- Cameras are prohibited in areas where there is a reasonable expectation of privacy, like locker rooms or bathrooms as stated on 720 ILCS 5/26-4(a).
- Cameras should be visible and employees, tenants, and customers must be informed that there are security cameras on the premises with clear and explicit signs designating the camera’s presence. They should also be notified about video storage and reviewing policies.
- When the recording is done by hidden cameras, courts place a higher burden of proof on the employer to demonstrate that the surveillance is for a legitimate business reason. Therefore, it is advisable for decision-makers to always notify staff about hidden cameras in the workplace.
- Any footage taken must only be used for security purposes and cannot be released to any other party without permission from all involved.
The only time surveillance laws in Illinois allow a business to record someone secretly is if you have a reasonable expectation that a crime is about to be committed against you or someone in your property.
In addition, property managers must recognize that it is unlawful for any person to knowingly make a video, record, or transmit live video of another person in that other person's residence without that person's consent 720 ILCS 5/26-4. Note that “residence” includes a rental dwelling, but does not include stairwells, corridors, laundry facilities, or common areas, in which the general public has access and there is not a reasonable expectation of privacy.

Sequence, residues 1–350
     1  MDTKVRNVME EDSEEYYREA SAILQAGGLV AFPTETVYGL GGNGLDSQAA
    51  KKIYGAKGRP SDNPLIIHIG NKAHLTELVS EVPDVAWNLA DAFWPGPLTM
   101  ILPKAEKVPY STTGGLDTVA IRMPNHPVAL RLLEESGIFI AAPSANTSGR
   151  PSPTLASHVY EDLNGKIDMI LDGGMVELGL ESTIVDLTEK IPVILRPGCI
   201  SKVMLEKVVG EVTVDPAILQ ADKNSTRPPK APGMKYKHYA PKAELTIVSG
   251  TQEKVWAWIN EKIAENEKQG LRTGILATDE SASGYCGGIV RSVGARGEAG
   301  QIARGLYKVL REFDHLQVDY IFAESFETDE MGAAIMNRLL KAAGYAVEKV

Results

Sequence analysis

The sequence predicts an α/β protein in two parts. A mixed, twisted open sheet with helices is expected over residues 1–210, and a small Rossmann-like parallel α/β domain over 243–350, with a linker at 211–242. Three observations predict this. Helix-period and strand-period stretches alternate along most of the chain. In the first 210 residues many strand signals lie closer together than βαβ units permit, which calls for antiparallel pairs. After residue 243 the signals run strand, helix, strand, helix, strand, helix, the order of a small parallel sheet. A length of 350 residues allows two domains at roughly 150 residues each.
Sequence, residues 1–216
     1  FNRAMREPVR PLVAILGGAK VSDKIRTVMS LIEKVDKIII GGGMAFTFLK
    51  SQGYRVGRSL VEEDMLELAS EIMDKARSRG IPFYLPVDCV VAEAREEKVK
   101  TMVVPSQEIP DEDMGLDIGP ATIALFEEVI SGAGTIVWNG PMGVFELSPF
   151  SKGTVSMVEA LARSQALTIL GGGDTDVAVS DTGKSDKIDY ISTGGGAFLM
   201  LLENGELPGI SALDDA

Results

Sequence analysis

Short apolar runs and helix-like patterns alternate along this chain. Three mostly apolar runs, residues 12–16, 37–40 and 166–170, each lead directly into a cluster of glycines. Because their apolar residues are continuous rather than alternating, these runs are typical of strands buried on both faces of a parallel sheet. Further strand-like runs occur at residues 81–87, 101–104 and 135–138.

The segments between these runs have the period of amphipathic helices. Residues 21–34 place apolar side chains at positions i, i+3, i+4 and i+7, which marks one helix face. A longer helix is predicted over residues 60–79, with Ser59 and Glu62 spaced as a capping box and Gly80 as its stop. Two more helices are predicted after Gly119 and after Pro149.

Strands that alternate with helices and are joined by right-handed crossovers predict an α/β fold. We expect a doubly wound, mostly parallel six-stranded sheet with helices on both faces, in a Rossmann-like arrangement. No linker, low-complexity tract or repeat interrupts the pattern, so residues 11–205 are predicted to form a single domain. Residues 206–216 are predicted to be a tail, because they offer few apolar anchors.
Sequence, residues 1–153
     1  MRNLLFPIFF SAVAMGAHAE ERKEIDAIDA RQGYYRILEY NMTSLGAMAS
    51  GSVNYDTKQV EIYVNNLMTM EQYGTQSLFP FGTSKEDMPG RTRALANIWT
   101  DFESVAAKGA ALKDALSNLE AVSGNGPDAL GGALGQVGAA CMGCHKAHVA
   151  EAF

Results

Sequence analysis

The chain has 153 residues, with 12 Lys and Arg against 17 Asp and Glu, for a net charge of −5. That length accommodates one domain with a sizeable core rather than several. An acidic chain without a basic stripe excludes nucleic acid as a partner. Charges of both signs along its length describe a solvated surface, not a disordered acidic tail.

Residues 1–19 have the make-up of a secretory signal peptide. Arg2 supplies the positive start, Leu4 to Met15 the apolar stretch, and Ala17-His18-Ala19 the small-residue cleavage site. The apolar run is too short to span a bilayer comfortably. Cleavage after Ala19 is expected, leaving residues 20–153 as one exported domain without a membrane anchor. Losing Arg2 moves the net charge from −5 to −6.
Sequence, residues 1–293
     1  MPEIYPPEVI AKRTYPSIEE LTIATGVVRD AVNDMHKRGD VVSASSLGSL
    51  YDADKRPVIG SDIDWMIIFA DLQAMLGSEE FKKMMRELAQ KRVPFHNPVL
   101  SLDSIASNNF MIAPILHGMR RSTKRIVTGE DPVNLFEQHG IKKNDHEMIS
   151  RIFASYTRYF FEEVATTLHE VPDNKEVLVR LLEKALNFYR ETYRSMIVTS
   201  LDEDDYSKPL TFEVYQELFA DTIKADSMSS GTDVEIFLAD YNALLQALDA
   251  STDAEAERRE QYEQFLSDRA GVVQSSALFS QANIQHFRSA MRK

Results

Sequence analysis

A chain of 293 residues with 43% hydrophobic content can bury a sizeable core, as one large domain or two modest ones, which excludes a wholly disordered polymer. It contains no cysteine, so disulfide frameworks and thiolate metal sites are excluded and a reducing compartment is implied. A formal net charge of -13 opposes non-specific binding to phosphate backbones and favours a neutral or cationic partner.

IL Law imposes felony status to surveillance violations. For first-time offenders, the law imposes Class 4 felony status with consequences of 1-3 years imprisonment, probation, and fines of up to $25,000.
Second or subsequent offenses bump it up to a Class 3 felony carrying harsher punishments such as 2-5 years behind bars along with other penalties like probation, plus the same amount in fines.
Interfering with employees' rights
Employees have the right to unionize, to join together to advance their interests as employees and to refrain from such activity. Thus, it is unlawful for an employer to interfere with, restrain, or coerce employees in the exercise of their rights.
As a leader, make sure that the topic of video surveillance and its specifics are addressed as part of the collective bargaining process for unionized labor forces.
Audio recording: Illinois — an all-party consent state
Illinois is an all-party consent state that requires the permission of any individual whose voice is being recorded. Recording another individual’s words without the individual’s knowledge or consent is a felony in the Prairie State.